EXCLUSIVE: ‘It’s Going To Be Dangerous’: NYPD Detectives’ Association President Speaks Out Against $1 Billion Budget Cut

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Shelby Talcott Senior White House Correspondent
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The Daily Caller spoke to Paul DiGiacomo, president of the NYPD Detectives’ Endowment Association (DEA), about what cutting $1 billion to the police department will do for New York City.

The city council voted to pass a $1 billion budget cut from the NYPD late Tuesday after protesters began to camp out in front of City Hall in NYC, vowing to remain until their demands were met. (RELATED: NYC Passes Budget That Will Defund The NYPD By $1 Billion)

Police officers and protesters alike were disappointed with the decision, however. Many activists and lawmakers complained that the cut was not what they asked for, and officers like DiGiacomo raised concerns regarding policing moving forward.

“It’s going to diminish the police department, which is going to affect policing moving forward for the people of New York City,” DiGiacomo told the Daily Caller. “And it, plain and simple, is going to be more victims of crime in New York City.”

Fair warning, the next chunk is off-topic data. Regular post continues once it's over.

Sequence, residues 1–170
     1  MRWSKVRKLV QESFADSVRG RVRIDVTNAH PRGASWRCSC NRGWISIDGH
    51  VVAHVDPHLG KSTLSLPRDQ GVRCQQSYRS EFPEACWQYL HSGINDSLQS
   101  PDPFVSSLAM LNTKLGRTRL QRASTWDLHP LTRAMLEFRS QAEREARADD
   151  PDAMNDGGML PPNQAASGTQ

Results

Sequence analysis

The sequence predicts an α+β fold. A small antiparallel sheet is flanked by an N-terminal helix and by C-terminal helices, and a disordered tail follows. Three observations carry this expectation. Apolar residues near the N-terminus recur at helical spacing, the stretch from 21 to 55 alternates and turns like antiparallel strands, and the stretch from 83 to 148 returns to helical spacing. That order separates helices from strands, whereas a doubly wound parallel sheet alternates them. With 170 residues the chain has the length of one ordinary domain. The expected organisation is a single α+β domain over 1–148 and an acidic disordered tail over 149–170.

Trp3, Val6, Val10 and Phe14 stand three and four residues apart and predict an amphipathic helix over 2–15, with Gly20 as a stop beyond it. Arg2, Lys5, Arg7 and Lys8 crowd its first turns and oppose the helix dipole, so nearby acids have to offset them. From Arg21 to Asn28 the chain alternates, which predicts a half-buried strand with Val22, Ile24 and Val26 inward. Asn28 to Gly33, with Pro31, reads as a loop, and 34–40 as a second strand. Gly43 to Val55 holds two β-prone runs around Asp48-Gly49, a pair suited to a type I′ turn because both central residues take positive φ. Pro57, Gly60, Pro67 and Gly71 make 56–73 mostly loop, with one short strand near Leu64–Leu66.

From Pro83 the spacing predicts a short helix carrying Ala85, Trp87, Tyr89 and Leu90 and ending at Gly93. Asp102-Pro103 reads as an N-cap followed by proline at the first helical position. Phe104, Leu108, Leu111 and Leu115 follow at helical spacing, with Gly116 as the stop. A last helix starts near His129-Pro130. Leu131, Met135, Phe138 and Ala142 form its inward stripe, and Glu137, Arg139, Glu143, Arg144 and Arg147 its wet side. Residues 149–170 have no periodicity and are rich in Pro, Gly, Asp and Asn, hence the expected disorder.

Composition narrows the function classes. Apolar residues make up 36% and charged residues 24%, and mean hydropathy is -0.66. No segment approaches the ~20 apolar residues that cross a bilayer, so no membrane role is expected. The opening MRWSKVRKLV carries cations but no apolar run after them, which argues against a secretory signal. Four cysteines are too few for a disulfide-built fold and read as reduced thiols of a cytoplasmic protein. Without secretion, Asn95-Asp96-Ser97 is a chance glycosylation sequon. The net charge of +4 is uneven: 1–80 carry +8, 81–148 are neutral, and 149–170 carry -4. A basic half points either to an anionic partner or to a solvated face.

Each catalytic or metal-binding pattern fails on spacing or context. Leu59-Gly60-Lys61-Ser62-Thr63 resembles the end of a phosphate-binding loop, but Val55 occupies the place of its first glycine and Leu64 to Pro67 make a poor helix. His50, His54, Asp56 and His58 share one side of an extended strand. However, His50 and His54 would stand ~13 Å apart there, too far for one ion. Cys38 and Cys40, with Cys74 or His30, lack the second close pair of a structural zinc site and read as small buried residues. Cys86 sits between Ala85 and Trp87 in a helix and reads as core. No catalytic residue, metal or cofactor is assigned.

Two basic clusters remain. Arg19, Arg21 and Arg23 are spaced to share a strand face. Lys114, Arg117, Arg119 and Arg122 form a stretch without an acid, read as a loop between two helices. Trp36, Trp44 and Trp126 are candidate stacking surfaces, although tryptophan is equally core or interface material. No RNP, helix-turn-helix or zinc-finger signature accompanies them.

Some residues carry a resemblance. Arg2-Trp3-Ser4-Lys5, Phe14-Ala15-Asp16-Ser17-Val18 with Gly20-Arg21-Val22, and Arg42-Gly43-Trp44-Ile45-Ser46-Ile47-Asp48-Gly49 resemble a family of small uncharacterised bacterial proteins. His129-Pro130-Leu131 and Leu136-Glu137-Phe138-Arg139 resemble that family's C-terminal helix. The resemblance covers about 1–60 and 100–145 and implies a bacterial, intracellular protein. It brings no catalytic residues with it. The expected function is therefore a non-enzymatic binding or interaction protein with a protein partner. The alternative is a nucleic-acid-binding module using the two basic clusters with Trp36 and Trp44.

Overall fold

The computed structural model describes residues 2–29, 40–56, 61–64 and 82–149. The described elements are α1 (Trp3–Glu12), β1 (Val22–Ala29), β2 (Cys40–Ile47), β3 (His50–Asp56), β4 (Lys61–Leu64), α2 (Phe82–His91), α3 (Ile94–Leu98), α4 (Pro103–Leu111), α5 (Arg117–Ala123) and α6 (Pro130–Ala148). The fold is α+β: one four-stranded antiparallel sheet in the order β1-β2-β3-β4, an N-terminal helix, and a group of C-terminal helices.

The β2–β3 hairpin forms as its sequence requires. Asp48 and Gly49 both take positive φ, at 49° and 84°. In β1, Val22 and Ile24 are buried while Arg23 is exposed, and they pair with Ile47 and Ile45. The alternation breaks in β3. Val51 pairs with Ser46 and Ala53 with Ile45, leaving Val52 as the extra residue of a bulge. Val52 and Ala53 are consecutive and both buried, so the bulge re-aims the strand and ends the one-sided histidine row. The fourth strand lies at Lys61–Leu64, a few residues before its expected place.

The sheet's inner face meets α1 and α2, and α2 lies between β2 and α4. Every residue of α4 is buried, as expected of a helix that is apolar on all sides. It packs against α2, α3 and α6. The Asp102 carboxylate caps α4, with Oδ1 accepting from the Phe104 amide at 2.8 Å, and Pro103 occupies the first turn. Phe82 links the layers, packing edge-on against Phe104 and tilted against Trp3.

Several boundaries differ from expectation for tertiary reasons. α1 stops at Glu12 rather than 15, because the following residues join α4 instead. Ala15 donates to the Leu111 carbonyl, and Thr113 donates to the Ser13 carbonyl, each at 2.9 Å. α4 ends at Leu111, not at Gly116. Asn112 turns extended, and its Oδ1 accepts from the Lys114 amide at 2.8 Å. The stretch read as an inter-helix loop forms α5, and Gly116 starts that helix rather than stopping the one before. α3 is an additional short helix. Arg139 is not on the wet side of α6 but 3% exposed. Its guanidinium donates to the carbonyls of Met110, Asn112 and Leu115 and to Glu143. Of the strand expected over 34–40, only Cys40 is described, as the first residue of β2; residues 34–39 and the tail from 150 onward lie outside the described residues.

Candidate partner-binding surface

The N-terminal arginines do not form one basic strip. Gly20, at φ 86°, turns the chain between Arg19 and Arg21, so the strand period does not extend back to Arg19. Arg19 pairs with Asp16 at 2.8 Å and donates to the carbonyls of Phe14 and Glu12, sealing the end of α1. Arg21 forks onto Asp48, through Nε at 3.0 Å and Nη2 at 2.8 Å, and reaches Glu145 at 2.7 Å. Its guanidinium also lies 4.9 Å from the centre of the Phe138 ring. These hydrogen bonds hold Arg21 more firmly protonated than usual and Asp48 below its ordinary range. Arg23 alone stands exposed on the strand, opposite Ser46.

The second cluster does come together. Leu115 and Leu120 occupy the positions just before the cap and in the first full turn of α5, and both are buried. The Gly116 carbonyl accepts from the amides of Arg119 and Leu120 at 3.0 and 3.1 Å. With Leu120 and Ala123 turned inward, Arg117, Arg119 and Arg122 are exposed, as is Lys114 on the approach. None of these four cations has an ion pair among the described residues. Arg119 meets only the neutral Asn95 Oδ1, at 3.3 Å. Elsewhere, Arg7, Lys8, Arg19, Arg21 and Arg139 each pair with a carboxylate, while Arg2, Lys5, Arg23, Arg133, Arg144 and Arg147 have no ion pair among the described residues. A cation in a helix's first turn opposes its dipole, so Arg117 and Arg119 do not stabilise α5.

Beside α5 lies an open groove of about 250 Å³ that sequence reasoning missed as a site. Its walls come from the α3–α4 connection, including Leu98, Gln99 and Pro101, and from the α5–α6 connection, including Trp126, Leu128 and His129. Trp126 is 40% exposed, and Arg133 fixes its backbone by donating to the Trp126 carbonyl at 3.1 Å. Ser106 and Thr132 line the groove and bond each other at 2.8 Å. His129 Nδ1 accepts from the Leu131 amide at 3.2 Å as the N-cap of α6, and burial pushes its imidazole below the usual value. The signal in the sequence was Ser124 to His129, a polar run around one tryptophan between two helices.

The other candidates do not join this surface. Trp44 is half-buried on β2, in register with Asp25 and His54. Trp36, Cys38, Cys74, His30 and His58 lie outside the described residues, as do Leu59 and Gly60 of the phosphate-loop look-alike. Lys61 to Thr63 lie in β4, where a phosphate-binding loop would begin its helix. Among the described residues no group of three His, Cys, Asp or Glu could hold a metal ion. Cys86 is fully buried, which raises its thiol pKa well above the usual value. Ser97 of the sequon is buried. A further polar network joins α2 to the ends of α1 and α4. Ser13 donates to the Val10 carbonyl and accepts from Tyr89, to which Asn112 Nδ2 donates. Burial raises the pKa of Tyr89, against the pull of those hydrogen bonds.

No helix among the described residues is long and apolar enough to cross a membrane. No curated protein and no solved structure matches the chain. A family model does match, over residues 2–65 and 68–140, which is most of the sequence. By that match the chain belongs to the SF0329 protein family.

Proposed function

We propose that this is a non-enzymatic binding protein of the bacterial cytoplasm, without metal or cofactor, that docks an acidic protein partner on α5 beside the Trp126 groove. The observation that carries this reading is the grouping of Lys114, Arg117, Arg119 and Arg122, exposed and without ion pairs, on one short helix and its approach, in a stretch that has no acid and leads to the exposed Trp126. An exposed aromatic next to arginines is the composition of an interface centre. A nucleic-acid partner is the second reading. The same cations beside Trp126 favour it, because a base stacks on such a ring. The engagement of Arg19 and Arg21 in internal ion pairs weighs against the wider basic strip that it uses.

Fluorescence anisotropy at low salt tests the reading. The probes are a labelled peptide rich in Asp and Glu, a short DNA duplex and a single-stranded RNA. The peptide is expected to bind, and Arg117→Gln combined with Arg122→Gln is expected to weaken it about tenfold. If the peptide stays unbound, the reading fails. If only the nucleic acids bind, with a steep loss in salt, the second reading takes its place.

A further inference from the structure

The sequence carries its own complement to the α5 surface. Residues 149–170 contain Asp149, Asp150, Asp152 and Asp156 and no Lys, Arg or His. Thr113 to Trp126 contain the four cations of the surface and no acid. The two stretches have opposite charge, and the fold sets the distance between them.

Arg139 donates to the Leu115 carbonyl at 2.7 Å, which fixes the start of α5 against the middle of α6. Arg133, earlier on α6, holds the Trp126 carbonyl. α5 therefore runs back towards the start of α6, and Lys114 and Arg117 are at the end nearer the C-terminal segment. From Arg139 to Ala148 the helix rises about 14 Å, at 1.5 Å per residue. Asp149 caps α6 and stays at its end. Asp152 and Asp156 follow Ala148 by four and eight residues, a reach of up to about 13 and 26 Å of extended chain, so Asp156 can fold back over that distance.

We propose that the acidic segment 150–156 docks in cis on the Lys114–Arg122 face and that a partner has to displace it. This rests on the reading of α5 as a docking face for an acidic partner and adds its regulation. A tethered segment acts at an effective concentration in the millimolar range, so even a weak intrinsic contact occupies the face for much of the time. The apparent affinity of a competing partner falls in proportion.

“With less cops, there’s gonna be less people to have as backup out on the streets. It’s going to be dangerous not only for the police patrolling, for the detectives, for policing in general, but most importantly it’s going to be dangerous for the law-abiding people of this city.”


DiGiacomo detailed other concerns about cutting the police budget and suggested that the city council should increase it so that the NYPD could “better train the police department on how to police.” He slammed new laws that have recently gone into effect following uproar over the death of George Floyd while condemning the actions of the officer responsible.

“What happened to Mr. Floyd was despicable and was terrible behavior by any member of society, let alone [it] be a police officer,” DiGiacomo said. “I think that police officer’s actions has set back law enforcement 50 years. We have come a long way before that incident and it’s all seemed to have gone away now, all the good that police do, was all forgotten about because of one individual’s bad decisions.”